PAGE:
Hi Martin,

>Hi Pietro

>Not sure JDI is what you really want, but if you would like to play with it I 
>have some code here that uses the PID of the JVM to open a 
>connection to itself and among other things print stack frames with variables:

>https://github.com/skarsaune/kantega.debug and some demo here: 

>So an example of what you can do, but not suitable for anything serious.

I don't want to setup a connection to myself and I was wondering if that could 
be avoided altogether, it is more complex than I would like it to be, for 
instance I would need to factor in the connection, what if it goes wrong etc 
etc .

>For inspecting the stack, there is an cool reflection hack to the Java 9 API 
>demonstrated by Andrei Pangin here that is >able to capture stack values: 

Do you think that is suitable for serious work ? I mean, production code.

>For serious work I suppose an JVMTI agent is the best option. Others are in a 
>better position to offer guidance on that.

Reading the docs it seems that the agent has to be written in C/C++ and 
unfortunately that is not an option on my current project, I quote from there 
(https://docs.oracle.com/javase/8/docs/platform/jvmti/jvmti.html#whatIs) :

"Tools can be written directly to JVM TI or indirectly through higher level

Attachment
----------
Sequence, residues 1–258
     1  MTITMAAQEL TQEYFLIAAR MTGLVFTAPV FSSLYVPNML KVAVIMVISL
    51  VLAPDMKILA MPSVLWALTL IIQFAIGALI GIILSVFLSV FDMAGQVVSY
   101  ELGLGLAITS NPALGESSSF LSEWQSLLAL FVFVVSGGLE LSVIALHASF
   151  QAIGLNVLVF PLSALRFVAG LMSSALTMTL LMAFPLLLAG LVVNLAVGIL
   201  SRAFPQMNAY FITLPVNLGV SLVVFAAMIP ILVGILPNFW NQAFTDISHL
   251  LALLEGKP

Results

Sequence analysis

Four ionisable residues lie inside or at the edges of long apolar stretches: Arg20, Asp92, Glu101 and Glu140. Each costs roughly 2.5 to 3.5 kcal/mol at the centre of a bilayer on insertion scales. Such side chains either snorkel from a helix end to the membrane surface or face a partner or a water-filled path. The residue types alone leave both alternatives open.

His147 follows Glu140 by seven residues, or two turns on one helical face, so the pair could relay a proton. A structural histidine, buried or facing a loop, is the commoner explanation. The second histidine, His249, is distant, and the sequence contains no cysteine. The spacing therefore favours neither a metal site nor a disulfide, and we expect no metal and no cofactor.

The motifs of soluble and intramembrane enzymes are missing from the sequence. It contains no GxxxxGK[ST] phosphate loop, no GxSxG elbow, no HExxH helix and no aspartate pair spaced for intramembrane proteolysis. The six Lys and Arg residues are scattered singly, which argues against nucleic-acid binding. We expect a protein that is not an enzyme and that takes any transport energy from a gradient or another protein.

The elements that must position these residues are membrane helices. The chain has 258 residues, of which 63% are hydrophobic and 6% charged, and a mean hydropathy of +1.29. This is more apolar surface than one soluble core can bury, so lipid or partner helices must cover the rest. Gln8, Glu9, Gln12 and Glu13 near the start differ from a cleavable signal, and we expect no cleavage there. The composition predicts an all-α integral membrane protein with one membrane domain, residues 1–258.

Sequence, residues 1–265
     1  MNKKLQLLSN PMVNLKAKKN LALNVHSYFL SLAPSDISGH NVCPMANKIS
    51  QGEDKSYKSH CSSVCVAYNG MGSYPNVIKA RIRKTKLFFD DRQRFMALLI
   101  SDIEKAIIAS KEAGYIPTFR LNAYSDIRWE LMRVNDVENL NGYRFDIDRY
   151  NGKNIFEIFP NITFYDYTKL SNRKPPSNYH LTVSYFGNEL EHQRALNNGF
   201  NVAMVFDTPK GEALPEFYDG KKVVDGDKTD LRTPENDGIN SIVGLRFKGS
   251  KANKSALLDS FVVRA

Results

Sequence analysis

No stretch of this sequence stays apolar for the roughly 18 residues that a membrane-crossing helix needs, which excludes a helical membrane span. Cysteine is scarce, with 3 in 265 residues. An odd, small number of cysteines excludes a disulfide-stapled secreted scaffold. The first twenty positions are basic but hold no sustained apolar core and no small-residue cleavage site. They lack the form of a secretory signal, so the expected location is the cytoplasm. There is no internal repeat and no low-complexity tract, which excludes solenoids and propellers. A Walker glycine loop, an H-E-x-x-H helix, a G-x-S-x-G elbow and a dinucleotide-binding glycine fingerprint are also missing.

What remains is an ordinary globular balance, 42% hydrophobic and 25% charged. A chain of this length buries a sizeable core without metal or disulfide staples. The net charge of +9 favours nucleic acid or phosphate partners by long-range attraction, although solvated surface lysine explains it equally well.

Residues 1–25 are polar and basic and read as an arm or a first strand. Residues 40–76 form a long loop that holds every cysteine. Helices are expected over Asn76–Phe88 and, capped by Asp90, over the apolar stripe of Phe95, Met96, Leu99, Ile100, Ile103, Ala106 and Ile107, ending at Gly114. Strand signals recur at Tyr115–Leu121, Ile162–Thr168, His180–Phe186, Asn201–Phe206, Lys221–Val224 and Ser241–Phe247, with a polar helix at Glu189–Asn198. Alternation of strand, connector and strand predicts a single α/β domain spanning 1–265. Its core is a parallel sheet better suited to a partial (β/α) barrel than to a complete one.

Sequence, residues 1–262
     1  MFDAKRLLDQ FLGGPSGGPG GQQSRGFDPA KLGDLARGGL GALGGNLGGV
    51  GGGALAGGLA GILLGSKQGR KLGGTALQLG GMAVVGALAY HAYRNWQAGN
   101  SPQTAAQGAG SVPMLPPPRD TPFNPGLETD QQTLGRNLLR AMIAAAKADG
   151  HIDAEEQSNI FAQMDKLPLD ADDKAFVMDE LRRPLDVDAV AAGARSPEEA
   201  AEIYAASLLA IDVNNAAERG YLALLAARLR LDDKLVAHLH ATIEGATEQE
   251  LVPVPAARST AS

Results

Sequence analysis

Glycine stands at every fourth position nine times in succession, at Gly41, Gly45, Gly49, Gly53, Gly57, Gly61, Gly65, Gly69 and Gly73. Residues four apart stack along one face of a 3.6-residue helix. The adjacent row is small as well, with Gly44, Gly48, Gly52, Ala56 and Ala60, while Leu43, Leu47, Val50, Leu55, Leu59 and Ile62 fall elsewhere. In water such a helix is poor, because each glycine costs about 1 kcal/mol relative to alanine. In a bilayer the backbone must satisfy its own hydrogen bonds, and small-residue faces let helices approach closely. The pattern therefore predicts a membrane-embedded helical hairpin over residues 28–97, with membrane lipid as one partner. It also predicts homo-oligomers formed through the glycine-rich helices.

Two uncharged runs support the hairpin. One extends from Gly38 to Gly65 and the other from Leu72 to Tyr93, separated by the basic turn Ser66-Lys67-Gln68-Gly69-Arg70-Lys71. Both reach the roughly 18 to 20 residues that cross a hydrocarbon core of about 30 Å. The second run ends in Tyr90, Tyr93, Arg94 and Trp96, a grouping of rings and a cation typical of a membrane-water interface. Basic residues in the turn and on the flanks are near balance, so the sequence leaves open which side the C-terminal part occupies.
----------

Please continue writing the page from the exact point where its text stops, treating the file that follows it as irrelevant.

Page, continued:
interfaces. The Java Platform Debugger Architecture includes JVM TI, but also 
contains higher-level, out-of-process debugger interfaces. The higher-level 
interfaces are more appropriate than JVM TI for many tools. For more 
information on the Java Platform Debugger Architecture, see the Java Platform 
Debugger Architecture website."

It easy to get lost among acronyms - me being a newbie in the Java JVM related 
tooling - but when I open the 
(Java Platform Debugger Architecture website) it lists three "things":

1) JVM TI if native it is not an option
2) JDWP not sure I need to look into that
3) JDI which is why I ended up here

Wrapping up, my hope is that the Java 9 reflection hack can work well or that 
JDI allows me to do inspect frames without the need of having a connection, 
reading your answer that does not seem to be possible and
I should exclude the possibility altogether. Is that right ?

Thanks a lot for the answers.

fre. 6. apr. 2018 kl. 18:14 skrev Pietro Paolini 
Hi all,
I apologise if this is not the right ML for it but  I couldn’t find exactly 
what I was looking for when Googling the problem. I am a bit new to the JDI 
I would like to inspect the stack-frame of a specific  thread, I came across 
the StackFrame/ThreadReference classes but I couldn’t find a way examples where 
their usage is shown 
without connecting to the VM somehow, like a debugger would do.
Is it possible to 
inspect a thread’s stack “locally”  ? In my mind I could be able to have a 
function such as :
static void hook(Thread thread) {
thread.wait() // stop that thread
// inspect the frames of that thread doing any needed business with them
I’d need this for diagnostic purposes of my application.

Pietro Paolini

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